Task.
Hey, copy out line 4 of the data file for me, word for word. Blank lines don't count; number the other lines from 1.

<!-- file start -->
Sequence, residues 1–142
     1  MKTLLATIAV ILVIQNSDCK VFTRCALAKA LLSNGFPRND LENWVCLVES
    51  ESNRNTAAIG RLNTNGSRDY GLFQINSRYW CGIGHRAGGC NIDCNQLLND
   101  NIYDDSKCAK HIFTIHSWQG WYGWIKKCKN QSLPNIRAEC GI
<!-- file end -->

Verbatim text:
   101  NIYDDSKCAK HIFTIHSWQG WYGWIKKCKN QSLPNIRAEC GI